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This article covers some of the negative aspects about pursuing a career in Medicine. I cover some of the annoyances that are becoming more prevalent in today's hospitals and provide some insight into why you should never get into this profession.

Number 2:  Increased Risk of Suicide 

Although this is generally viewed as a taboo to talk about in society, it is something that you must be aware of when you are considering a profession in this field.  The working conditions are miserable, the hours are unbelievable, and there is an overwhelming pressure that erodes your psyche when you have to deal with patients day in and day out.  You will not understand the shocking realization of how close some of these patients are to dying and how much power you possess to determine their fate.  One bad decision can be the difference between their life and death and it can be emotionally draining after years of work.  

Even if depression and suicides are prevalent throughout many professions in society, physicians often find themselves at the upper echelon every year.  On average, 12% of males and 19.5% of females suffer from depressive symptoms in the general population. When looking at the medical student population, numbers in these field can peak over 30%.What more, this trend continues in multiple nations around Europe, Asia, and South America so the teaching style cannot be the only reason these students feel depressed.  You surround any form of social life you may have had before your studies and constantly have to deal with the competitiveness of Medicine.  Tests, exams, rotations: all can make a big difference in where you end up finding work and it can be a draining task to deal with for anyone. 

As you continue in your journey in Medicine, the risk for committing suicide in women is 250% greater than the average for the general population while the male physicians have a 70% increase.  When you see statistics like this, the first thing that should pop into your head is if this profession is worth your health? 

Number 3:  So Much Paperwork 

This is one of the most disappointing things about getting into Medicine and something I didn't fully appreciate while in Medical School. In reality, doctors do not get to see patients, there are just not enough hours in the day.  With a simple admission for a complicated UTI, a physician has to write an Admissions Note, Consultation Orders, Update Patients Notes, Order Imaging Studies and Labs, and Request Past Files From Other Hospital Visits after spending 15 minutes interviewing a patient (if that).  Doctors are anchored to their computers during most of the day because of the bureaucracy associated with this profession.  If you are thinking logically, you may have naturally come to the conclusion that the doctors could have someone else write their notes or have a nurse assist on some of the paperwork but in reality, this is a big "no-no" in the hospital.  Doctors are responsible for electronically signing all the paperwork that they complete during their rounds and hospital administrators will ensure that a physician knows his obligations on a daily basis.  I have heard from some of my friends in different Residency programs where an administrator can threaten you will written warnings, fines, and even expulsion from the Residency Program if all patient notes are not completed within 24 hours.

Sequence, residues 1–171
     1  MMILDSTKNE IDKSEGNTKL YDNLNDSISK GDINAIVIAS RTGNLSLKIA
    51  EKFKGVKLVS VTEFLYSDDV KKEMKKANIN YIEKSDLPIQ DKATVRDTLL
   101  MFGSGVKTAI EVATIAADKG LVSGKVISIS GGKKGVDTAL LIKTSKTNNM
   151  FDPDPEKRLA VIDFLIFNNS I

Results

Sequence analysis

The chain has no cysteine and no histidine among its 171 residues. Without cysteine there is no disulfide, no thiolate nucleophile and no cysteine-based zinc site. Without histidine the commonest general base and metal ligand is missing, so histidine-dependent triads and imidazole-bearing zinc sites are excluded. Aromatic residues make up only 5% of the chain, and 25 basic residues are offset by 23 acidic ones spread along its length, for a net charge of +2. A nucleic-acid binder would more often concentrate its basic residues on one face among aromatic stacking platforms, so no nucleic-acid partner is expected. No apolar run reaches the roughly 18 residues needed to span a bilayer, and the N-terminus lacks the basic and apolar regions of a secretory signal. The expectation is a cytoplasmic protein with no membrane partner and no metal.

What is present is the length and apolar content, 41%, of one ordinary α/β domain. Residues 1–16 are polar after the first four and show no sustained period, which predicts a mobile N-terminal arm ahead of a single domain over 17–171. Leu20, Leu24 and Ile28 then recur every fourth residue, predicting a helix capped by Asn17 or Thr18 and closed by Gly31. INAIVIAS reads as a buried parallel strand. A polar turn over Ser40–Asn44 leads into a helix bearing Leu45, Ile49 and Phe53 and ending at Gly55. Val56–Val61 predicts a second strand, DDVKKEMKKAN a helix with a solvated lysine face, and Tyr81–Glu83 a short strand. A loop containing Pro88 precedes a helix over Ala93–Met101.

On the surface, this is a very reasonable request.  A patient should be visited multiple times a day and his note should be updated continuously to document any changes in his condition.  This is where the logical thinking of a hospital administrator will lead to but in reality, nothing is as it seems.  If a resident had to oversee 4 patients, that would be very easy to login to a computer and type out a note in 20 minutes but now consider that most residents carry patient loads of 15-40 patients throughout the day. Without any complications, that can already by 6-8 hours of just writing patient notes out to meet their obligations.  As we travel further into reality, now add some of the complications that are bound to happen during the day at a hospital so a few "coding" episodes where you have to spend an hour trying to resuscitate a patient each followed by battles with a nursing home refusing to take home a patient and even a few arguments with the nursing staff or pharmacists about messing up your orders and you begin to realize that 12-13 hours have already burned by.  Even if a doctor is able to spend 4 hours with patients daily, he will already be topping around 16-17 hours without even considering his commute to and from the hospital and times to "sleep" and "eat."  It should be absolutely obvious to you by now that this system is broken and will extinguish any joy that you may have in making a patient feel better.  

Don't get me wrong, there are times where the blood, sweat, and tears is all worth it and you feel pure joy that you chose this field but it is a path not for the faint of heart.  You battle your entire career with administration, patients, and we haven't even covered those lawyers out their waiting for the next malpractice case but don't forget them.  If you read all this and still feel that Medicine is right for you, then welcome to the field and good luck on your journey but if you are uncertain, realize that there is nothing easy about this line of work.    

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